Reeling from emergency steelhead fishing closures, the Washington Department of Fish & Wildlife is recruiting experts like WSC’s Jess Helsley to map a better path for steelhead management.
With steelhead runs declining up and down the coast, the Washington Department of Fish & Wildlife is looking for insight—and advice.
Among those lending expertise to the agency is Wild Salmon Center Washington Program Director Jess Helsley. In October, WDFW invited Helsley to join a newly-formed 12-member Ad-Hoc Coastal Steelhead Advisory Committee. The committee, created by legislative mandate as part of state funding to address coastal steelhead declines, is tasked with assisting WDFW’s development of new watershed-specific steelhead management plans.
“This is an opportunity to fundamentally change how Washington’s coastal steelhead fishery is managed,” Helsley says. “The statewide steelhead management plan provided a broad brush stroke for fishery managers. But it’s increasingly evident that we need a more refined approach.”
In addition to replacing the agency’s current plan with multiple plans tailored to specific watersheds, the new strategy also reflects a paradigm shift within WDFW toward a broader view of fishery health—one that considers criteria including steelhead productivity, distribution, and diversity alongside total abundance.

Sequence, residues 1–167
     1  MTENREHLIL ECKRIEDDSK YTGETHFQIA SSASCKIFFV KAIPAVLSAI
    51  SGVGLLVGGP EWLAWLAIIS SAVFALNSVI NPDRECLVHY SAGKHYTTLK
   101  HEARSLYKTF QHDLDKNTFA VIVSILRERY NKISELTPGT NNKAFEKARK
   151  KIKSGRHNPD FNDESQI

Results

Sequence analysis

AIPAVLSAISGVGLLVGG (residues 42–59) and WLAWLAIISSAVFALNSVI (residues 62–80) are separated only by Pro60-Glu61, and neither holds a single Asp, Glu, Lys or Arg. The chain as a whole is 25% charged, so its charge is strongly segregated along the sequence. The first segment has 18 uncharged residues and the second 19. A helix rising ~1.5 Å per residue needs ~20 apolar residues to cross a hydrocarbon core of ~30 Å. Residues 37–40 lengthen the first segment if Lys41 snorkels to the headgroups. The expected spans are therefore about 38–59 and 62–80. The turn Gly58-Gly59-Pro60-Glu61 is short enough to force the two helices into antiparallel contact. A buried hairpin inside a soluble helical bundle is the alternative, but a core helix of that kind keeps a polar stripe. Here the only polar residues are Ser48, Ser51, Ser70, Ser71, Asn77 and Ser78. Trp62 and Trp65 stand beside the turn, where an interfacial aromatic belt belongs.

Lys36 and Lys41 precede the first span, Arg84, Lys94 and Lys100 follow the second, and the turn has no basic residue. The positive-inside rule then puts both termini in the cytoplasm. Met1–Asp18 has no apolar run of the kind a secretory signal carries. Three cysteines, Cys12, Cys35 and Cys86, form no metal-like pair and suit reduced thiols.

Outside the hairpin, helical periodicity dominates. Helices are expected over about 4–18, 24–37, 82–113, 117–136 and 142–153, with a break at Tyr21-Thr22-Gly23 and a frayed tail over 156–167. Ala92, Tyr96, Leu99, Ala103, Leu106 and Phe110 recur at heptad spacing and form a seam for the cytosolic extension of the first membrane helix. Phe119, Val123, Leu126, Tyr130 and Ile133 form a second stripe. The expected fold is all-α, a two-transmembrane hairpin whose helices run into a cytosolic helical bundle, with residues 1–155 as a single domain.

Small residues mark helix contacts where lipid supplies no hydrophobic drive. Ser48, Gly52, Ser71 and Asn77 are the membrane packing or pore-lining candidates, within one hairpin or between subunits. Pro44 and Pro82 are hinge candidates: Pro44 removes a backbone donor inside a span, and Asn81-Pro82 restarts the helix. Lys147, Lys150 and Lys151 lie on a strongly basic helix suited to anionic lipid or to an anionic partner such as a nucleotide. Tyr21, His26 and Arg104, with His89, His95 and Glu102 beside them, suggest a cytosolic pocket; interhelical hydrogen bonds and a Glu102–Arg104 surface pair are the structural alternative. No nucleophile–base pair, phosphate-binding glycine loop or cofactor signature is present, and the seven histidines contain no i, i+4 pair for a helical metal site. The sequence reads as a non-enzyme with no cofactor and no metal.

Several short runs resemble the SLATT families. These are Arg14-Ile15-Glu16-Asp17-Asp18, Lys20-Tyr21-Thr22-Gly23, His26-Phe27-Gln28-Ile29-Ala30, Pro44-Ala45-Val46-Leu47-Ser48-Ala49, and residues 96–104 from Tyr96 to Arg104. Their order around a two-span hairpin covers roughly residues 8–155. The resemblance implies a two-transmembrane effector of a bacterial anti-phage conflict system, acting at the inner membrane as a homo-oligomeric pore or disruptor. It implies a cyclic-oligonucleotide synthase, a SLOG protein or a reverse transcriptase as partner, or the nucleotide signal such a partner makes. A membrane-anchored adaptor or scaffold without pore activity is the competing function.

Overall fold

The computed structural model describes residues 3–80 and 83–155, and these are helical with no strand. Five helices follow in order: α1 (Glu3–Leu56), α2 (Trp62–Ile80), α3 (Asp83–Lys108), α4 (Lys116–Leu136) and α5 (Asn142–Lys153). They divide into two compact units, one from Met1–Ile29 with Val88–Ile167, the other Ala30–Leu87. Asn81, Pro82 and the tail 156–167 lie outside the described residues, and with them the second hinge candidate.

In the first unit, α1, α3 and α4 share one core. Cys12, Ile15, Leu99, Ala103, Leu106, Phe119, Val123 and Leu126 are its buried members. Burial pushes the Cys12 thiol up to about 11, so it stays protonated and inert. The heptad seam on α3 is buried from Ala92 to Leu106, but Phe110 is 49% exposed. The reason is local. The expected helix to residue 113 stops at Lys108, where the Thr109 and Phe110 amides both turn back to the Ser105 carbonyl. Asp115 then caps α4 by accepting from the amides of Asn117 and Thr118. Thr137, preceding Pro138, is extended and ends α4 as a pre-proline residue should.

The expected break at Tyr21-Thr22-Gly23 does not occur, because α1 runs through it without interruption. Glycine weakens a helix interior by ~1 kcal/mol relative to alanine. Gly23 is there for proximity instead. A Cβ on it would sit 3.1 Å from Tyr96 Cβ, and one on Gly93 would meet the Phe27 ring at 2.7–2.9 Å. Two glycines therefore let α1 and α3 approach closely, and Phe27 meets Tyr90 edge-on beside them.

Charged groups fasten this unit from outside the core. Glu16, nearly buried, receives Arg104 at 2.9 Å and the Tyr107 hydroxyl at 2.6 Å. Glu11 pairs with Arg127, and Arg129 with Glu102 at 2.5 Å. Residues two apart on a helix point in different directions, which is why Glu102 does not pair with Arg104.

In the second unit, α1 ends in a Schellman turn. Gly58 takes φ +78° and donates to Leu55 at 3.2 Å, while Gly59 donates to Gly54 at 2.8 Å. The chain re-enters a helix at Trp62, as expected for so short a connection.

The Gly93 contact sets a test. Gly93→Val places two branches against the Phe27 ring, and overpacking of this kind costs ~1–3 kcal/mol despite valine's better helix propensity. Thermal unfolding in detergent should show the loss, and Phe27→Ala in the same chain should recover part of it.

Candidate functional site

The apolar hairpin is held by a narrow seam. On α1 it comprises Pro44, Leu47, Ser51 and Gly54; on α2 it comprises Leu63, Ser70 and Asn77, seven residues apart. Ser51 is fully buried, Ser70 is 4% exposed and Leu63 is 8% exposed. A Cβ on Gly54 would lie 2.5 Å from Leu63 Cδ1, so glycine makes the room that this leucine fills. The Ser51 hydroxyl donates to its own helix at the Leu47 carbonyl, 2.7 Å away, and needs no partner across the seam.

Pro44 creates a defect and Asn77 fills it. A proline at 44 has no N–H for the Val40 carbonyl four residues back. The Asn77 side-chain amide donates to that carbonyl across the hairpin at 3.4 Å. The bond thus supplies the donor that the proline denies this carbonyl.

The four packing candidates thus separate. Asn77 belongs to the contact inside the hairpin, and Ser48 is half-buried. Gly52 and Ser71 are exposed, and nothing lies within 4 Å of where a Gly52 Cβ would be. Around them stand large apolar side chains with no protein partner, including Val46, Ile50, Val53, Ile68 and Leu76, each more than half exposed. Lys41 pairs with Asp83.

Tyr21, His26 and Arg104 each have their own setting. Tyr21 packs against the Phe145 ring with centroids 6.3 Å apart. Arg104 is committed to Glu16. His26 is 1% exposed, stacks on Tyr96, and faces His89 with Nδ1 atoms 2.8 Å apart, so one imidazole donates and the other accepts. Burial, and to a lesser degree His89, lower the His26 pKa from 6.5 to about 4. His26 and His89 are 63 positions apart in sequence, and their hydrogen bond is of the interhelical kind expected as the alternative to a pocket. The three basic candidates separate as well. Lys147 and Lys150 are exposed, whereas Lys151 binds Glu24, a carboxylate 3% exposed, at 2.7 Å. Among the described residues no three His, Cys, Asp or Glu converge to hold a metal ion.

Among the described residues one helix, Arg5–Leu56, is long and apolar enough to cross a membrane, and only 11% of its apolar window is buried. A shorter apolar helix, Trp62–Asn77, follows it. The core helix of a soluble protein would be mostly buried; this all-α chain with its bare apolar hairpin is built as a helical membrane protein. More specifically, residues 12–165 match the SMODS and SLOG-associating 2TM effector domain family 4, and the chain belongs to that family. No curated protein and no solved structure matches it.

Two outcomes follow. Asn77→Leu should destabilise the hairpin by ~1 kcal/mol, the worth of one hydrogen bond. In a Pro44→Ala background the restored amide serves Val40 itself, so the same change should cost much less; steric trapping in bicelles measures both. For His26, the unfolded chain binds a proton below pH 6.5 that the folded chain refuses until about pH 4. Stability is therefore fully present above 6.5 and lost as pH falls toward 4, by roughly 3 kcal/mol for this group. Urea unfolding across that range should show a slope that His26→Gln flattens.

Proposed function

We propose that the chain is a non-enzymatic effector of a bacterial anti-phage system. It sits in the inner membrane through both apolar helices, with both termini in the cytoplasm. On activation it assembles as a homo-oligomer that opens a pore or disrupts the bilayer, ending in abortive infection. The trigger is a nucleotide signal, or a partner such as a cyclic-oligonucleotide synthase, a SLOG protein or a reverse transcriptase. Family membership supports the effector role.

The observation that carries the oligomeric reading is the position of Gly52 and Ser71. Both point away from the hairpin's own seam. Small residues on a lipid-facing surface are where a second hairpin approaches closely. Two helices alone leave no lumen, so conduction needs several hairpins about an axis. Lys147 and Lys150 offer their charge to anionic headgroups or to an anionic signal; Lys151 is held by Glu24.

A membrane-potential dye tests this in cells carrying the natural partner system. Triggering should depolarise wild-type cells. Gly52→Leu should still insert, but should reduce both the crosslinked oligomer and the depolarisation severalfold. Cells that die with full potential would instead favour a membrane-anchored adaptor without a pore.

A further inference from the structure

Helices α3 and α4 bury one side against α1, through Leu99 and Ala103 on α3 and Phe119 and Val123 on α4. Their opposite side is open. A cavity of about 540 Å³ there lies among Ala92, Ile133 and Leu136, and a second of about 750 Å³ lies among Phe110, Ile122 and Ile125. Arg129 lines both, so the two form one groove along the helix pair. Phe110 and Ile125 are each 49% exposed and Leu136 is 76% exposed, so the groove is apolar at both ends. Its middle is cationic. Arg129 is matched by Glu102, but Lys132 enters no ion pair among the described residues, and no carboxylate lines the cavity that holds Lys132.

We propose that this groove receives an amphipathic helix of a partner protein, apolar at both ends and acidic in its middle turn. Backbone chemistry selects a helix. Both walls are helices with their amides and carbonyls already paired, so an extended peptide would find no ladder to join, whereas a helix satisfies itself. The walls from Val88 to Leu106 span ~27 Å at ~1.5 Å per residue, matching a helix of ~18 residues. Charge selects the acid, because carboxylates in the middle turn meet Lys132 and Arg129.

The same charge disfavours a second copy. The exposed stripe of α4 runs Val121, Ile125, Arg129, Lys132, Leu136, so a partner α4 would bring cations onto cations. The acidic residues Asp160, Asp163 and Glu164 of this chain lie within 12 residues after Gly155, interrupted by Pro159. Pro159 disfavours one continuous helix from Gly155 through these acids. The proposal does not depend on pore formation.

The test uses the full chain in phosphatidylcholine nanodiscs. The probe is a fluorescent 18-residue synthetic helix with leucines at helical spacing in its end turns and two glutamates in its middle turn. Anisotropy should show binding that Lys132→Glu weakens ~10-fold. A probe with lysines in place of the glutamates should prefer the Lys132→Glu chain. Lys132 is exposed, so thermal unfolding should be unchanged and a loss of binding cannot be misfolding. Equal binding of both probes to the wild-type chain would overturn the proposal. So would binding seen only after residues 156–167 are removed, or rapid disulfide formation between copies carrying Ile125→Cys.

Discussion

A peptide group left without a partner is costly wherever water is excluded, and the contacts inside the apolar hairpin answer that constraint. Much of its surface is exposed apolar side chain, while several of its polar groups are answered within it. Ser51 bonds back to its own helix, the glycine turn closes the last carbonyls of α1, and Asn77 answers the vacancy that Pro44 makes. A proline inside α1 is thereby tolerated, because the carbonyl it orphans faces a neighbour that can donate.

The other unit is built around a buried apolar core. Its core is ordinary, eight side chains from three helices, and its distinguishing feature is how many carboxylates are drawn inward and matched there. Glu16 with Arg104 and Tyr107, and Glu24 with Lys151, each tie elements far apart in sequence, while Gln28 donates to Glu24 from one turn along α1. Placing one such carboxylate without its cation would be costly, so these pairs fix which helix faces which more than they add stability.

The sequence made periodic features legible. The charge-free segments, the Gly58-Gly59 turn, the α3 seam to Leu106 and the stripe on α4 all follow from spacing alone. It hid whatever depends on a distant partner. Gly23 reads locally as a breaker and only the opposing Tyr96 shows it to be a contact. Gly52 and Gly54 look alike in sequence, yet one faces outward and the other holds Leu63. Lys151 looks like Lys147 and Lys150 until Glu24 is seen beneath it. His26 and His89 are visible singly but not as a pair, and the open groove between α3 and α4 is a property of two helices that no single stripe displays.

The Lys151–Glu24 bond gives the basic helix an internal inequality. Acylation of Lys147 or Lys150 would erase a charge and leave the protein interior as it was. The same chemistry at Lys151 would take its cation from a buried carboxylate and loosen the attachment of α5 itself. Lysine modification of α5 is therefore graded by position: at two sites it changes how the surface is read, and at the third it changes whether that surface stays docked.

“The statewide steelhead management plan provided a broad brush stroke for fishery managers,” Helsley says. “But it’s increasingly evident that we need a more refined approach.”
According to Helsley, this more customized and comprehensive approach will help WDFW pivot steelhead management away from the crisis posture of recent years—seen in moves like emergency fishing closures and bans on recreational fishing from boats—and toward proactive restoration measures informed by an expanding body of steelhead science.
“Right now, much of the state’s coastal steelhead fishery planning essentially happens on an emergency-by-emergency basis,” Helsley says. “We’re always scrambling to react.”
Helsley hopes that one of the advisory committee’s first tasks will be to identify data gaps that might impede watershed-specific steelhead assessments. Addressing these gaps will be crucial to the committee’s work to map thresholds that trigger local actions early enough to head off a crisis response. Once those data gaps are identified, she says, WDFW and partners can work to fill them from the larger conservation science community.
“This is a level of state commitment to coastal steelhead health that we haven’t previously seen,” Helsley says. “Increasingly, WDFW is recognizing that these populations are spiraling—and that we need all hands on deck to set coastal steelhead on a recovery path.”
The committee, whose members include sport anglers, fishing guides, research scientists, and representatives of conservation nonprofits, will have until December 2022 to finalize recommended plans for coastal watersheds.
This approach will help WDFW pivot steelhead management away from the crisis posture of recent years and toward proactive restoration measures informed by an expanding body of steelhead science.